the boldness of the monroe doctrine -- 10/15/18
Today's selection -- from Waking Giant by David S. Reynolds. In the early 1800s, Spanish and French colonies in Latin America fought and gained their independence. But those European powers had designs to retake their former colonies. By the 1820s, the United States, under President James Monroe, resisted this, asserting that it wanted no European country, including England, exercising any power or dominion in the Western Hemisphere. It became known as the Monroe Doctrine, and it was a bold statement for such a young and economically minor country:
"John Quincy Adams, comparing the limited map of the nation in the 1780s to the expansive one of the 1820s, declared that 'the change, more than any other man, living or dead, was the work of James Monroe.' This was an exaggeration, but not by much. There was justification for Monroe's boast in 1821, 'The United States now enjoy the complete and uninterrupted sovereignty over the whole territory from St. Croix to the Sabine.'
"Given Monroe's interest in expanding the nation and defining its borders, it is understandable that he took advantage of an international incident to introduce a principle that would become a cornerstone of U.S. foreign policy.
"What came to be known as the Monroe Doctrine, demanding noninterference of foreign nations in the affairs of the two American continents, arose from the issue of how to deal with plans by several European nations -- France and Spain, backed by others -- to retake South American countries that had rebelled and declared independence from Europe. England wanted to launch a joint operation with the United States to prevent the European incursion. President Monroe, following the advice of Secretary of State Adams, responded by insisting that if any action were to be taken, the United States would take it alone. Neither England nor any other foreign power had any business meddling in the West.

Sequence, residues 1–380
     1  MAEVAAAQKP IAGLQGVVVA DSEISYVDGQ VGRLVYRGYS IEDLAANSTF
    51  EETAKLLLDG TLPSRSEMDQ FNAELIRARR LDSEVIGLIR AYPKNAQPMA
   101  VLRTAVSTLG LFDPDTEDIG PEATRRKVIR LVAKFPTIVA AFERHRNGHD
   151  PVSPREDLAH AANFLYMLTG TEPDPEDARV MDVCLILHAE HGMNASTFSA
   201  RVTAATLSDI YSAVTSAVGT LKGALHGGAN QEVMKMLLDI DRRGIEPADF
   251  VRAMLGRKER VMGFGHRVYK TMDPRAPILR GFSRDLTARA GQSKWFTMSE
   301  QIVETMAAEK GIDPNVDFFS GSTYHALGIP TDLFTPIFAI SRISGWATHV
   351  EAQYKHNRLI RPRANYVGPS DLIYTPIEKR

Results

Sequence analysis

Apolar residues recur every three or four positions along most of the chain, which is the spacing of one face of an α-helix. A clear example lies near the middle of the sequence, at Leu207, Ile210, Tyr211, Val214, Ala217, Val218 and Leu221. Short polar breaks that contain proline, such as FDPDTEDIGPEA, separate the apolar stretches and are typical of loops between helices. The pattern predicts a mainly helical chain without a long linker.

|Political cartoon depicting the Monroe Doctrine|
"As the president announced to Congress in 1823, 'The American continents ... are henceforth not to be considered as subjects for future colonization by any European powers.' Although the United States would remain neutral on Europe's existing colonies in the Western Hemisphere, any further European intrusion would be regarded as 'the manifestation of an unfriendly spirit toward the United States.'
"The Monroe Doctrine later became an important component of the nation's self-image, contributing both to isolationism and expansionism. It was affirmed at moments when the United States wanted to flex its muscles in disputes with other nations over territory or influence. Theodore Roosevelt expanded on it to justify U.S. intervention in Latin America. John F. Kennedy cited it during the Cuban Missile Crisis. It was variously reapplied in the war on communism, the Iran-Contra Affair, and the post-9/11 campaign against terrorism."